* For example, Backroads Provence Casual would have been great--the routing was wonderful and the group was fun--but the combination of an out-of-season mistral (try doing THAT headwind UP a hill) and the nearly 100-degree heat 24/7 with no shade for miles pretty much took the fun out of it.

    So without order, our generally agreed upon top favorites are...
    -Backroads Pyrenees to Costa Brava Premiere
    -Bike Ireland (now Discovery Tours) West Coast Ireland
    -Backroads New Zealand South Island Premiere (note--still ranks high even WITH torrential rain for most of the trip)

    Those were outstanding ones. In the next grouping without ranking...
    -Backroads Puglia Casual
    -Backroads Cork and Kerry Premiere (would have been in the top grouping except that fellow cyclists were especially demanding and whiney--they nearly drove bike guides nuts)
    -Backroads Brittany and Normandy Premiere(took it when it was a 10-day trip, and the itinerary was very different than it is now).

    One other tip: The people who do best on these trips are people who understand there are no guarantees of happiness. This past trip, one of the guides was almost overcome by emotion because he heard over and over again, "Aren't we lucky to be able to see this?" and "Well, I made it halfway up the hill, and I'm calling that a victory" and "That's not rain--it's just filtered sun". In other words, most of the people on the trip--most of whom had done almost as many trips as we had--went out of their way to find positives.

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    Great writing- you seem to have a great attitude about bike travel. I've been guiding cycling trips for over 30 years including 18 yrs for B&R. I started Great Explorations 15 years ago, and still enjoy guiding 5-7 trips each year (this year Catalonia, Piemonte, Tuscany, Puglia, Croatia & Canadian Rockies). Here are my current favourite trips: Piemonte; Provence; Croatia; Morocco; Vietnam. It's great to hear you have had so many positive experiences. I agree it's the people that make the trip!

    Happy cycling

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    I wanted to update this thread because I did have opportunity to talk about Ciclismo Classico with a few cyclists shortly before Xmas. They enjoy Backroads, but because they consider themselves "real" cyclists, they prefer Ciclismo Classico. Points they made:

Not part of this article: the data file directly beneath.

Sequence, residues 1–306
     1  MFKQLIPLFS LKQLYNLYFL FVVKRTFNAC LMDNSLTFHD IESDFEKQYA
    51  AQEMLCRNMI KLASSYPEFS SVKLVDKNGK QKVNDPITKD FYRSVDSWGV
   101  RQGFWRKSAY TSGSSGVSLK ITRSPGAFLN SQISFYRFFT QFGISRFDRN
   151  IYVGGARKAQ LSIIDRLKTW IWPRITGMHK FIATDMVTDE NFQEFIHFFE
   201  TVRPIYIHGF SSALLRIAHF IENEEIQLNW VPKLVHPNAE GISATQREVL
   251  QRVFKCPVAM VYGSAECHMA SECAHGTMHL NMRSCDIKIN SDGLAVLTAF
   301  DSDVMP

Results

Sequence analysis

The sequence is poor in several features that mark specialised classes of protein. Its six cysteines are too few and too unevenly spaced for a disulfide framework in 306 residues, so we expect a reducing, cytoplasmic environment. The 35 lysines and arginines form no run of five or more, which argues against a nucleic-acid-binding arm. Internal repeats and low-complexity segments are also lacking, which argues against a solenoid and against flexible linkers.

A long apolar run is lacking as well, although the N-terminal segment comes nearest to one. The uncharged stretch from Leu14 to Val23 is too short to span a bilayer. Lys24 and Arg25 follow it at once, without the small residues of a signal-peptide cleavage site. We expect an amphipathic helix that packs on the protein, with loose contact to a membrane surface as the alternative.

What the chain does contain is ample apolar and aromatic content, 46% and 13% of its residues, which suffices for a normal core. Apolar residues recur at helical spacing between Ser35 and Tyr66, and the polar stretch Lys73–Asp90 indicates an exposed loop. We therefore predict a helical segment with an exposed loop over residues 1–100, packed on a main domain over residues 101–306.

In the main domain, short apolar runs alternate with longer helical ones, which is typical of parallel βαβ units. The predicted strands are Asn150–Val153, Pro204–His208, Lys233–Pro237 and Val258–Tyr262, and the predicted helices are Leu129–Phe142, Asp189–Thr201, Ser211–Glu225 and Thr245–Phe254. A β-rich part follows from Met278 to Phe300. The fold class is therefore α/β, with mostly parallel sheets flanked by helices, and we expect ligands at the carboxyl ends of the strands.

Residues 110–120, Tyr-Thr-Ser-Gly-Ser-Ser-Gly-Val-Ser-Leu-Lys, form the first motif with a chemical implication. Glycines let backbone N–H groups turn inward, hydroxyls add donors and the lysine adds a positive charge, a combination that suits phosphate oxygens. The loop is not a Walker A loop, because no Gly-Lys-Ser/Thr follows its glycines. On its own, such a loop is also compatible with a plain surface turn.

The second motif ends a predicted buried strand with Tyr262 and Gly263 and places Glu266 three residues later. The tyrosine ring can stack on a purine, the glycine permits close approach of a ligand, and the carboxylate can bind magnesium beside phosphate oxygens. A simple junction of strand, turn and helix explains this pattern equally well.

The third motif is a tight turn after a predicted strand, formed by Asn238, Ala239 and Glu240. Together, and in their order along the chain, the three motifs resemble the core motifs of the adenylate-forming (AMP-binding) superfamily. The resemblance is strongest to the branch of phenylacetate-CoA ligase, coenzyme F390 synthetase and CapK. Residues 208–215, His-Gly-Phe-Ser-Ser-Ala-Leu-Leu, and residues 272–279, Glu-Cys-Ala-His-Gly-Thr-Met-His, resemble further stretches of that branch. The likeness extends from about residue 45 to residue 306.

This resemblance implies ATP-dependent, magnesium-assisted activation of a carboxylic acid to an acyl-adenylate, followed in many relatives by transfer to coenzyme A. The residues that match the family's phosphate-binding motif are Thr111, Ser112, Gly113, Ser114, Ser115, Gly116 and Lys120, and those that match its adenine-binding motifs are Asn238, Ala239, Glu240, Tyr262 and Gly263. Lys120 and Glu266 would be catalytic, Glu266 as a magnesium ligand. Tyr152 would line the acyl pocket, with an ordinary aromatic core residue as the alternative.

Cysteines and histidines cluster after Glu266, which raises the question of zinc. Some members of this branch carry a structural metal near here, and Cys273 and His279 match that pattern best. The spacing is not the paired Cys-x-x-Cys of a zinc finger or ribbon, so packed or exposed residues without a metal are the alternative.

--They love their Ciclismo Classico bikes; however, they also really like the new Backroads bikes (I hate them--but then again, I'm not a "real" cyclist).
    --They feel they get more bang for their buck in terms of cycling on Ciclismo Classico. Their point (well taken) is that if one has paid $$$$ to get to the destination, then the extra day(s)and part of a day Ciclismo Classico is of great value.
    --They like being with people who are interested in challenges 24/7. Both of the Ciclismo Classico guests I talked to seem to enjoy any of us in the wimp wagon, but they really did want to talk about the hard parts of the day over their beers.

    Here's a disclaimer--I HAVE NOT BEEN ON A Ciclismo Classico trip! These generalizations may be true or untrue. But I'd say that the other people that I know who travel with Ciclismo Classico would fall into that "real cyclist" category.

    Another update:
    --Backroads has increased the number of support staff/vans over time. It used to be ONE van and two guides was the rule. I'd say two guides, one driver, and at least two vans is the newer rule. On our last trip, because of the difficult routing, they even pulled in another van one day.
    --Backroads will be adding e-bikes (motor for a "push" up a hill). I have mixed feelings about that, so if I'm ever on a trip with these things, I'll report back.

    I hope this is helpful.